Pearl's Woodall retiring from Mississippi College

The Mississippi College professor and Pearl resident Deborah Woodall is retiring this Spring after nearly four decades of splendid service on the Clinton campus. Teaching computer science and mathematics at her alma mater for thirty-nine years was a perfect fit for the Pearl resident. “I could not have asked for more special coworkers or a more wonderful employer,” Woodall said. “I’ve had so many wonderful students.”

Her career began as a Pearl Junior High math instructor in 1974 and by 1980-81, she taught the subject at Pearl High School.

Woodall joined the Mississippi College faculty in 1981. Advising students and campus duties were always priorities. She’s been the co-leader of Freshman Experience groups, assisted in MC Science and Math Tournaments and served as treasurer of the university’s Faculty Club since 2008.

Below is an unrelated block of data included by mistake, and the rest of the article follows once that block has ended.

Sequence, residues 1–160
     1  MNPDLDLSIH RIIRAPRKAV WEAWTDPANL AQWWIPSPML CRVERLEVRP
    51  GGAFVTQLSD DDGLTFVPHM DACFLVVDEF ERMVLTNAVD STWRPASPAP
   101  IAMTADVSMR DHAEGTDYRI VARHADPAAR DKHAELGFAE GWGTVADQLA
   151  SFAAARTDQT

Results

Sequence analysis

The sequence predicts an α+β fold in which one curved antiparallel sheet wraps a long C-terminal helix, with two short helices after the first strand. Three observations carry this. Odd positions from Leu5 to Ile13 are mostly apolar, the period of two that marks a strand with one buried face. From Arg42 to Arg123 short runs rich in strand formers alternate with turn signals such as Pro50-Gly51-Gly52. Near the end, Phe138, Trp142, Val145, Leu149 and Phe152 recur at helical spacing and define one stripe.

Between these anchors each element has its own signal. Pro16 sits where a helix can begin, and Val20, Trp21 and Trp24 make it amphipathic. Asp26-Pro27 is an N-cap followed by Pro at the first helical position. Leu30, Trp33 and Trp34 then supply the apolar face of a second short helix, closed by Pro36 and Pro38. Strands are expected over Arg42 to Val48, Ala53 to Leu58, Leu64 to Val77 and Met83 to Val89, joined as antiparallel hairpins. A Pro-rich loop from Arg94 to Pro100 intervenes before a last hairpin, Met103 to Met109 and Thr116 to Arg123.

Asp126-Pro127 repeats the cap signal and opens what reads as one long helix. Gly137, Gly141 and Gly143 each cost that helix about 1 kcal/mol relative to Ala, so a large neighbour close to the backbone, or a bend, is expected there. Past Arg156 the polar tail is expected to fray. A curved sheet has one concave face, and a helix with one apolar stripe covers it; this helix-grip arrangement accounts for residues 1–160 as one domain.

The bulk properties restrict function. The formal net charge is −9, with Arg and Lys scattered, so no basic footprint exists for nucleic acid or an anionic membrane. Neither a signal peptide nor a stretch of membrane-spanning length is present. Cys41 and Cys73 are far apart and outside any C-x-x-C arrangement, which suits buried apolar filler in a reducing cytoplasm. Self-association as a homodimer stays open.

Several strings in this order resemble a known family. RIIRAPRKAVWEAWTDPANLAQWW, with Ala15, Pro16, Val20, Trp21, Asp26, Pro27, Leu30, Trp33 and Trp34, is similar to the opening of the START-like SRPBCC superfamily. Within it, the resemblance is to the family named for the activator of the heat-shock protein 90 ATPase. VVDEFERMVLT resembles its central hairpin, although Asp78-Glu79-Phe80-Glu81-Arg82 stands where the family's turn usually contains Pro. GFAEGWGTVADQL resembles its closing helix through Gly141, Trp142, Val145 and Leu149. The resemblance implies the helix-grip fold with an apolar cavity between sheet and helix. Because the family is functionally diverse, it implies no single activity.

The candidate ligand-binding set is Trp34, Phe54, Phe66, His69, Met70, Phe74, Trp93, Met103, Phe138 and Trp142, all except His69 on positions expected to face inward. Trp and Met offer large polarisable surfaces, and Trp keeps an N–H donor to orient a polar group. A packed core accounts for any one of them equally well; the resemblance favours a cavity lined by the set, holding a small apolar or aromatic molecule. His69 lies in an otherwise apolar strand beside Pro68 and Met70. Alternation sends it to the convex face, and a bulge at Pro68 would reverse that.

She’s taught math courses from Trigonometry to Calculus II. Her computer science classes ranged from BASIC language to computer architecture. Deborah is a former member of the Mississippi Teachers of College Mathematics. In addition, Woodall conducts Basic Computer Skills workshops for the Clinton community. She is a Phi Mu Epsilon Honor Society member.

“Professor Woodall has helped many students (often from non-STEM majors) to make sense of the logical thinking and problem solving that studying mathematics provides,” says John Travis, chair of the Mathematics Department.

Woodall helped construct the university’s original computer science curriculum decades ago. Computer science professor Glenn Wiggins praises his colleague and friend with these words, “MC owes her a debt of gratitude for her tireless efforts over almost four decades.”

The Pearl Resident's connections to MC run deep. She earned her bachelor’s in mathematics at Mississippi College in 1974 after three years as the department’s student worker grading papers and tutoring classmates. Woodall earned a master’s of education in the subject at MC in 1978. Deborah also received a master’s in computer science education at the University of Evansville in Indiana in 1983.

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